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Application Delivery Controllers as Safety Net for Ad Servers

Ad serving platforms drive a lot of web site revenue. These software platforms grant a site manager control over local or remote ads appearing on his web site. Over the years these platforms grew in functionality and today they offer diverse functions such as:

• Reporting ad statistics on clicks and other activities related to ads.
• Targeting ads to specific users based on their profile or past browsing.
• Sequencing ads to create an evolving message for the user.
• Limiting how many times an ad is seen by a specific user.

Growth in features and scale takes its toll. As ad serving platforms offer new, ever more complex features—they become vulnerable to scaling issues. A feature rich platform that could cater to hundreds or thousands of clients grinds to a halt when exposed to significantly higher traffic volume. This is especially painful for remote ad servers who server content across domains. Performance issues on such a platform can take down the ads on dozens of different sites, causing massive loss of revenues to the site and the platform owners.

Solving the problem of feature growth and scale is not simple. The obvious course of action is to invest heavily in QA, performing exhaustive testing of new features under the kinds of load it will experience in the field. But even when using the best QA methods and investing heavily in such activities, there will always be bugs that slip by the net, bugs that could take down your entire ad serving infrastructure.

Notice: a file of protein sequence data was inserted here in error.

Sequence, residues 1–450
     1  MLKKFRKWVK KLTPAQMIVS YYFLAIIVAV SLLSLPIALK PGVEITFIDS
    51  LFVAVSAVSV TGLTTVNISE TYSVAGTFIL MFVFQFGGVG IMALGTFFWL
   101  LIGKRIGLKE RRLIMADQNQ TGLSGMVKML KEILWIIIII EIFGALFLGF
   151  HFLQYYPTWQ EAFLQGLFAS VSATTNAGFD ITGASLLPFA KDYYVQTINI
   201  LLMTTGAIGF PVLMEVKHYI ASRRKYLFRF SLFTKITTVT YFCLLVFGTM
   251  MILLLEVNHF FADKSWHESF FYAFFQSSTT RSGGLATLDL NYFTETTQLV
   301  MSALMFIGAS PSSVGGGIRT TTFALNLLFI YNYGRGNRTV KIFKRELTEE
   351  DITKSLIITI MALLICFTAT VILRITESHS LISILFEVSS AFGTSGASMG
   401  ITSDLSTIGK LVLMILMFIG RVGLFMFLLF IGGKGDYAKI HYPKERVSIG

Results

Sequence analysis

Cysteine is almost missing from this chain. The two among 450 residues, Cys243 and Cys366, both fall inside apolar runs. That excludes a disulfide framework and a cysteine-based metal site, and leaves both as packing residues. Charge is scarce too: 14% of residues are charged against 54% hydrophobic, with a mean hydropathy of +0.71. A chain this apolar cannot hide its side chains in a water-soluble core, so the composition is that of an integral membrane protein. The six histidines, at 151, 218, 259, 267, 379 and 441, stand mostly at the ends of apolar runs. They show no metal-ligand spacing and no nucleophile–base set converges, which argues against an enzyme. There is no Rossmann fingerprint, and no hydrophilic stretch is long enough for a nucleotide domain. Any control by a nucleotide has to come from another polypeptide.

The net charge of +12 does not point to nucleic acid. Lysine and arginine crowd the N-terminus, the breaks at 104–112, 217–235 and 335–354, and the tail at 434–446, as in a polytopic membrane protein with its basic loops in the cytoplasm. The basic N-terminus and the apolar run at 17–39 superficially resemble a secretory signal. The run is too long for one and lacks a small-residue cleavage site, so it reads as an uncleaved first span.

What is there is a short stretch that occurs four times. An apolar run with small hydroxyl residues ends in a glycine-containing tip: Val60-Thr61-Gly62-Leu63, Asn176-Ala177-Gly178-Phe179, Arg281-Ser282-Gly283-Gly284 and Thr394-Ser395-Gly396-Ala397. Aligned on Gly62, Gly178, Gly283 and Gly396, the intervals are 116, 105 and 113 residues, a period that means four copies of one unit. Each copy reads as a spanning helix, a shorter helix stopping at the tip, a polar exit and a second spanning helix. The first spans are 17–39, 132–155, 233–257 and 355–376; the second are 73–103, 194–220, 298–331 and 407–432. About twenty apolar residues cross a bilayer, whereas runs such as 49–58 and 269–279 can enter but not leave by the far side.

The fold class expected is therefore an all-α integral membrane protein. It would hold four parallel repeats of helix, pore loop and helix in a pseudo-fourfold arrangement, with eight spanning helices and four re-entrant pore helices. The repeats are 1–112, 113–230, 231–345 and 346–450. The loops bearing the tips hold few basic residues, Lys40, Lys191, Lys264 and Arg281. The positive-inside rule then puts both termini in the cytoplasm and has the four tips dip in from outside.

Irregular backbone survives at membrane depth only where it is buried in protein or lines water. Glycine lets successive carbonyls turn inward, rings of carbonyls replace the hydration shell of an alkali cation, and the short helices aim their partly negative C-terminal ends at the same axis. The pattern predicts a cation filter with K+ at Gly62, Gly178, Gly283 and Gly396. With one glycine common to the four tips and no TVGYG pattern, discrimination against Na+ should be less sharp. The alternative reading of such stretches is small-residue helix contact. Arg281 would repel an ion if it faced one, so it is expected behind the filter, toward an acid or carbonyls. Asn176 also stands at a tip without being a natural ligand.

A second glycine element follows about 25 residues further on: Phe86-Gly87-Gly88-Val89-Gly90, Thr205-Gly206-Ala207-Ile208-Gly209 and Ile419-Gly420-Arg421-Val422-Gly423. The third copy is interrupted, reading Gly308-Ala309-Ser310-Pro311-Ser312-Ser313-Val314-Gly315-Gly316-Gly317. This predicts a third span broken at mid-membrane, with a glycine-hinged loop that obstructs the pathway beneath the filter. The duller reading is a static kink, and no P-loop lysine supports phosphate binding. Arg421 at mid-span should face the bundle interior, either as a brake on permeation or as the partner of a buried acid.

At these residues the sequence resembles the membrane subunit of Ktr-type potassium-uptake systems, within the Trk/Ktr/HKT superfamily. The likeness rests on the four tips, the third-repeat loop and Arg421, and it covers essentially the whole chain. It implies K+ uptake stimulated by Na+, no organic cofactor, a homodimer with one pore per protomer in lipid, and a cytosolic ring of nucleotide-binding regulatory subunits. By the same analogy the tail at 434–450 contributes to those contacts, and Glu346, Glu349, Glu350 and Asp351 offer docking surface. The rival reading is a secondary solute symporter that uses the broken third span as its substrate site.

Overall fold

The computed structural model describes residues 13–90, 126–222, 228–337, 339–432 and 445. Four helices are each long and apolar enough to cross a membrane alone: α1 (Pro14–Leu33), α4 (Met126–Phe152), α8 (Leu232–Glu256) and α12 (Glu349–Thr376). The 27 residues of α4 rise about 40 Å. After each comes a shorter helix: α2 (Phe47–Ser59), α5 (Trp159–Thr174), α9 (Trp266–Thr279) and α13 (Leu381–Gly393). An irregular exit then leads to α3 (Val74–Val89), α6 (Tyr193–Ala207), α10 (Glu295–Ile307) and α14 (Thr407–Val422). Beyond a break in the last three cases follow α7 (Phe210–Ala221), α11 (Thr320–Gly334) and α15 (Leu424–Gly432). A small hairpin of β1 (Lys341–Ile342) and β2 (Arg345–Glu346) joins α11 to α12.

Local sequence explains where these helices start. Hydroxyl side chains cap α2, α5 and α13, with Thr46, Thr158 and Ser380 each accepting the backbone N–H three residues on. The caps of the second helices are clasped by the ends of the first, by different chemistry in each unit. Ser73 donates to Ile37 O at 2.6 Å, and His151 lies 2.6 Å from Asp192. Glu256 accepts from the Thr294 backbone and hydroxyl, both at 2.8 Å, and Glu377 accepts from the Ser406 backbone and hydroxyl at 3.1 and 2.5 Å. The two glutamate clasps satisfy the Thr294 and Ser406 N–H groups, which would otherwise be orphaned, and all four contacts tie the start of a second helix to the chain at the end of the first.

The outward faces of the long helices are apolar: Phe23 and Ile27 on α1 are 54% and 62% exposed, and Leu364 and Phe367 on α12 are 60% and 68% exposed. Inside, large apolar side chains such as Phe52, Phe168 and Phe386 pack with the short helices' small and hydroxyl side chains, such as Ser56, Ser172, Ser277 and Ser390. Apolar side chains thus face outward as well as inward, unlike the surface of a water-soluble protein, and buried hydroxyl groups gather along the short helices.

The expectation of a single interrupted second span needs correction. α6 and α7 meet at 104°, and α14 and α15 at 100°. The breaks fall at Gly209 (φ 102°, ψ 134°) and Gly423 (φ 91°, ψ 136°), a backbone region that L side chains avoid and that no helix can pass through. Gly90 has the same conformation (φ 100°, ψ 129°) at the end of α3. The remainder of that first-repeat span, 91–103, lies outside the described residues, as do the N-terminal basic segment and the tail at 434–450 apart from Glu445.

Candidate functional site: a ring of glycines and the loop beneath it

Application Delivery Controllers (ADC) can offer a safety net for such occurrences. Assume that your sophisticated ad serving platform is experiencing severe delays due to some unexpected load or bug. The browsers will experience time outs when fetching ads making the web page unsightly and ineffective as far as ecommerce goes. But what if you could detect such a state (even if it is brief) and instead of serving your super intelligent targeted ad, just serve a simple, common one. That way your ad campaign may be less effective but it will not ruin the customer’s surfing experience. An ADC sits exactly in the right spot for doing just that. By monitoring the time it takes the server to dish out a response, it can intervene and send out a pre-designed ad if the server is too slow to respond.

Of course not all ADCs are made equal. In order to monitor tens of thousands of requests simultaneously and take a decision with a resolution of few milliseconds would require a machine that relies on hardware instead of software.

By Amit Fridman, Vice President Engineering at Crescendo Networks

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Comments

Hardware... David A. Ulevitch  –  Sep 15, 2010 3:19 PM

With tools like boomerang and others available to developers, all of this belongs in the application logic so it can respond in real-time to dial-up or dial-down the feature flags.  Having a hardware device in the line-of-fire of requests is a terrible idea and just another piece which can fail or slow things down.

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